Keep in mind, also, that his stated 60% is not a compound annual average return (CAGR) for the strategy. It’s the average negative enterprise value stock return, which is quite different. It does not reflect the portfolio performance that negative enterprise value investors should expect from their portfolios over the long term.

Returns to larger companies were quite a bit lower, as well. Firms with market caps between $50 and 500 million produced an average return of 28% while the few negative enterprise value firms with market caps above $500 million produced an average return of 21%.

Compound Annual Returns Versus Average Annual Returns

Again, these are average returns and not a CAGR. Here’s why this is important…

Portfolio returns…

Year 1: 100%

Year 2: – 50%

Year 3: +100%

Year 4: – 50%

Year 5: +100%

Year 6: – 50%

Average annual return = 25%

Compound annual return = 0%

The average annual return is just the arithmetic average… and does not necessarily indicate your portfolio’s growth rate. The compound annual return (CAGR) is also known as the geometric return and is used for calculating the growth rate for your portfolio. Despite the average annual 25% return, your portfolio didn’t grow.

The Broken Leg’s Negative Enterprise Value Backtest

We’re not content with the knowledge available for any single strategy until we have a time to test it and study the results. The same is true of negative enterprise value investing.

We tested a plain vanilla American negative enterprise value strategy from the start of 1999 until the end of 2016 – a period of 17 years. Our universe was made up of all US stocks that produced financial statements, had market caps above $1 millon USD, and had at least $2,000 in average daily trading volume so that tiny investors could realistically buy stock.

Our study also accounted for both survivorship bias and look-ahead bias, to ensure more robust results; and, rather than looking at the average return a negative enterprise value stock produced, we look at the portfolio’s compound annual growth rate along with a few other metrics. This gives us a better idea of how a typical real-world investor would have faired investing in the strategy.

We bought our stocks and formed an equal weight portfolio at the beginning of the year and then rebalanced our portfolio exactly 12 months later. Every time we bought or sold a stock we incurred a 2% slippage fee (a reduction in our holding’s value) to reflect issues that may be incurred buying and selling stocks.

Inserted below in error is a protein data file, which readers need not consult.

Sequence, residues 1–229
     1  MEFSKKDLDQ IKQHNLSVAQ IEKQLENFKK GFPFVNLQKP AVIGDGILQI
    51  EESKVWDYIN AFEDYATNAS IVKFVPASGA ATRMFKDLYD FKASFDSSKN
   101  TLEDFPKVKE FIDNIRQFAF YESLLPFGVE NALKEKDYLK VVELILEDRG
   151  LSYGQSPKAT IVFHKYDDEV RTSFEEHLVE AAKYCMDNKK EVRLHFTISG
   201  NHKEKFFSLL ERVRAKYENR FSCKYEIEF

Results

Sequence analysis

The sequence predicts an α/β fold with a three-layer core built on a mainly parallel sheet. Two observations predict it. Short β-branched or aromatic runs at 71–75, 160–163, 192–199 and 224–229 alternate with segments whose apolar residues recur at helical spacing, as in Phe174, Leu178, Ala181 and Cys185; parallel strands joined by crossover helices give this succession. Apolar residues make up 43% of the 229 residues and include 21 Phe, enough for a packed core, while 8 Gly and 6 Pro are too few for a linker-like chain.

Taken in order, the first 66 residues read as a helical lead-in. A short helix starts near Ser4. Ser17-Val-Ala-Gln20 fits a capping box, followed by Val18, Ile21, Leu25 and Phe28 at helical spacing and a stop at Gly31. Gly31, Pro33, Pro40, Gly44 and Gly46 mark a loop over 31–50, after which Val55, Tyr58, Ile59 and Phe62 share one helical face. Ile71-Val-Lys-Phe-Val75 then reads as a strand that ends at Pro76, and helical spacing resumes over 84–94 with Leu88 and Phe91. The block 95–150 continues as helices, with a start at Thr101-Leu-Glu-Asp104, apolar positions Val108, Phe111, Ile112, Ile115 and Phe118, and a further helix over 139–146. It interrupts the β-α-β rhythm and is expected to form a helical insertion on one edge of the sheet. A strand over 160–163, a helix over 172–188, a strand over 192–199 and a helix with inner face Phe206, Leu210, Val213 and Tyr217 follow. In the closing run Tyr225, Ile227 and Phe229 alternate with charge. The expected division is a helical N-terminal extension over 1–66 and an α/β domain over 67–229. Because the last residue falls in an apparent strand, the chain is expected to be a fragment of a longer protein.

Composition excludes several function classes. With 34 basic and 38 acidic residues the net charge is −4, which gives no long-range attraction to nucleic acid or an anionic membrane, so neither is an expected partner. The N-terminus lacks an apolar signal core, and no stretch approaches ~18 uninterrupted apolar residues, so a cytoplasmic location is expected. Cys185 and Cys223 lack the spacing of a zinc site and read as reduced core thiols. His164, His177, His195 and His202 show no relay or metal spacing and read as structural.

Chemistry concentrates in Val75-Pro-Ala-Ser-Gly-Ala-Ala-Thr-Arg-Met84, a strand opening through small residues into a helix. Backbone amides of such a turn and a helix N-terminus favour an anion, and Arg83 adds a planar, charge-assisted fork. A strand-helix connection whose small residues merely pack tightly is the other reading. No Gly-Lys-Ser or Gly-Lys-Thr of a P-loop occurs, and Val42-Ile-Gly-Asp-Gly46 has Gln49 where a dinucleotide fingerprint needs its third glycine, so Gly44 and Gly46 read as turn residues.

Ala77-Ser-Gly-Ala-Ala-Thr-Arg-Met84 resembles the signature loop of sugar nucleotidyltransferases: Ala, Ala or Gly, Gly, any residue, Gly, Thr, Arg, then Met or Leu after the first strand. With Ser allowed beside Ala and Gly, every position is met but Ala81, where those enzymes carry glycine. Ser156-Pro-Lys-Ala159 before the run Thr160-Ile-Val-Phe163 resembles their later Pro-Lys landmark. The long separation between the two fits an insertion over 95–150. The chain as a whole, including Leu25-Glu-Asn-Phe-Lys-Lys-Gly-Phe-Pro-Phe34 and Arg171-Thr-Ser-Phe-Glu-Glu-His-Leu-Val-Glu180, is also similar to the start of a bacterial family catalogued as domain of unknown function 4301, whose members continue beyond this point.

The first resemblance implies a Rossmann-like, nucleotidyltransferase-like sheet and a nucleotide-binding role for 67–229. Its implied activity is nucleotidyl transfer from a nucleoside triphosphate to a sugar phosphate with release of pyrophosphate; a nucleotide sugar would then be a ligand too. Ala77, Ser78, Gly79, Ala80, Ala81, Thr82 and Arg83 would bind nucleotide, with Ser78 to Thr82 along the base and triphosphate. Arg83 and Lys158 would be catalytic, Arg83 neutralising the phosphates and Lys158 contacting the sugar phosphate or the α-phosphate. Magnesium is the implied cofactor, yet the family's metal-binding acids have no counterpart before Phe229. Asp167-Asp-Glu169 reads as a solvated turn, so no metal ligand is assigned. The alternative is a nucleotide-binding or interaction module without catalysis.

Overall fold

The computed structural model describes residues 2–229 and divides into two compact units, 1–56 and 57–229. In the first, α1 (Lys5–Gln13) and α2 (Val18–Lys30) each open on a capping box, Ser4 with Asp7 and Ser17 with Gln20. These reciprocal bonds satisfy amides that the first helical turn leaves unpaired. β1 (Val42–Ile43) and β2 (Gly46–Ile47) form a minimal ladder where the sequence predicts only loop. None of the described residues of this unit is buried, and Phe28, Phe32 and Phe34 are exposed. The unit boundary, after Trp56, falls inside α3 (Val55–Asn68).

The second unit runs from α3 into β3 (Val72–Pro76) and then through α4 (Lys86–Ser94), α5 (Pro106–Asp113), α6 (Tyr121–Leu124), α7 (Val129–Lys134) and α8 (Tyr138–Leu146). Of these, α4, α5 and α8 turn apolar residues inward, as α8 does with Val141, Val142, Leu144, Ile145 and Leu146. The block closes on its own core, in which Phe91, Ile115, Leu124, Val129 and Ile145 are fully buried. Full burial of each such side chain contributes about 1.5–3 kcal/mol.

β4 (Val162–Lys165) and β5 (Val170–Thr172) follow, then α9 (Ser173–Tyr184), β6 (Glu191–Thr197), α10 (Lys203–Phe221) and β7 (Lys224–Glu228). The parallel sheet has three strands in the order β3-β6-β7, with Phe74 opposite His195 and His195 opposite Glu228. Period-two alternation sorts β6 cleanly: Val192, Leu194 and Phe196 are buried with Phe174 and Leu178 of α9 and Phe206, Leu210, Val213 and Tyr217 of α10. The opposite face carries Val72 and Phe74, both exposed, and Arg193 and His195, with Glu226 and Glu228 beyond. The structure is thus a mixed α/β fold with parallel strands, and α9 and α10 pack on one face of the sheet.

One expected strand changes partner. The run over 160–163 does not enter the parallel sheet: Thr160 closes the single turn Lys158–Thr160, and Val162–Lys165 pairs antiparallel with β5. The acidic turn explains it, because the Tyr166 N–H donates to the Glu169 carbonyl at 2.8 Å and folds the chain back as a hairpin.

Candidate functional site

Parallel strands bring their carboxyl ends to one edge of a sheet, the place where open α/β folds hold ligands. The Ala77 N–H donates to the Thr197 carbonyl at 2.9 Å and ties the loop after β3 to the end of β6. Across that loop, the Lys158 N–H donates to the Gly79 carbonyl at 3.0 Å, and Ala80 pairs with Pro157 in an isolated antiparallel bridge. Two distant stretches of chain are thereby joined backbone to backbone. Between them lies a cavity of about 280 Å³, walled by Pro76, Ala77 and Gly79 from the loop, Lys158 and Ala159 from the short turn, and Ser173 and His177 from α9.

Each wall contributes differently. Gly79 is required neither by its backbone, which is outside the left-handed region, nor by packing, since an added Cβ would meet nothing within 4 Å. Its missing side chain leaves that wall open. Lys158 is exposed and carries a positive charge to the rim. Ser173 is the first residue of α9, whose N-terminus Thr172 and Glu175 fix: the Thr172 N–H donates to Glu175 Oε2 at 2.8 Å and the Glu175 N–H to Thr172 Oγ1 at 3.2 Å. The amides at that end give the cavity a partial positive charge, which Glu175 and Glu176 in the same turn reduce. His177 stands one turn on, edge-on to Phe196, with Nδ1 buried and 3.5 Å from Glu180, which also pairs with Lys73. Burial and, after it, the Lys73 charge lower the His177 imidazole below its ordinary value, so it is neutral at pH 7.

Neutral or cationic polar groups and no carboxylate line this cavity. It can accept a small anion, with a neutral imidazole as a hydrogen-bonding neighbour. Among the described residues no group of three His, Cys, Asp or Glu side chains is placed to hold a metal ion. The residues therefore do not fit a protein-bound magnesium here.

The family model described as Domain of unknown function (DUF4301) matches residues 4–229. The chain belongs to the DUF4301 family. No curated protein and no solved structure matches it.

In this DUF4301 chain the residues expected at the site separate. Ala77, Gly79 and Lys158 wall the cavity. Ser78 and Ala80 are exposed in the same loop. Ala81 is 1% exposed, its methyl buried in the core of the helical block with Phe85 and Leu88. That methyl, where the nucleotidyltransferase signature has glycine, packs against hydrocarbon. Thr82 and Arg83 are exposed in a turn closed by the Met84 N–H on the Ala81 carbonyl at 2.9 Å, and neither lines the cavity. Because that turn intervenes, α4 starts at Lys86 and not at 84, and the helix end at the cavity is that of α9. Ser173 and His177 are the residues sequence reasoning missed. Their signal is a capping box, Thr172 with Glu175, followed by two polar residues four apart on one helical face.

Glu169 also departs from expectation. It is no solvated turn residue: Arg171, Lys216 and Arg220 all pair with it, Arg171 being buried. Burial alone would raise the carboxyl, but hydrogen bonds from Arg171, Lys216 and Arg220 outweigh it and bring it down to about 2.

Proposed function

The results were fantastic:

The first thing you’ll notice is the last red line rapidly moving up and to the right. The returns to even a plain vanilla negative enterprise value stock strategy are great! In this case, the compound annual growth rate amounted to 27.45% compared to the NASDAQ’s weak 5.12% returns for the period!

An investor employing this strategy would have earned a total return of 7,774%. Put into perspective, $10,000 would have become $780,000 over the 17 year period. Outstanding!

Breaking up the 17 period into 3 chunks, we see just how the strategy performs under different market periods.

The strategy performed very well from 1999 to 2005. While there was a long period where the strategy had essentially no returns, it also dodged the major market meltdown caused by the dotcom bust. For the end of the period, the strategy earned an outstanding 69.4% compound average return. Most of the return came from the market rebound starting in April of 2003 and the 1999 bull market.

Negative Enterprise Value Stocks 2005 to 2010

Negative Enterprise Value Stocks 2005 to 2010

The strategy did not perform as well over the next 5 years, from 2005 to 2010. While negative enterprise value stocks beat the market handily, the CAGR was only 15.6%. The negative enterprise value strategy survived the Great Financial Crisis, recoding a -41% drop in value during 2008 versus a -42% decline for the NASDAQ. Again, most of the excess returns came during the rebound in 2009.

Negative Enterprise Value Stocks 2010 to 2017

Negative Enterprise Value Stocks 2010 to 2017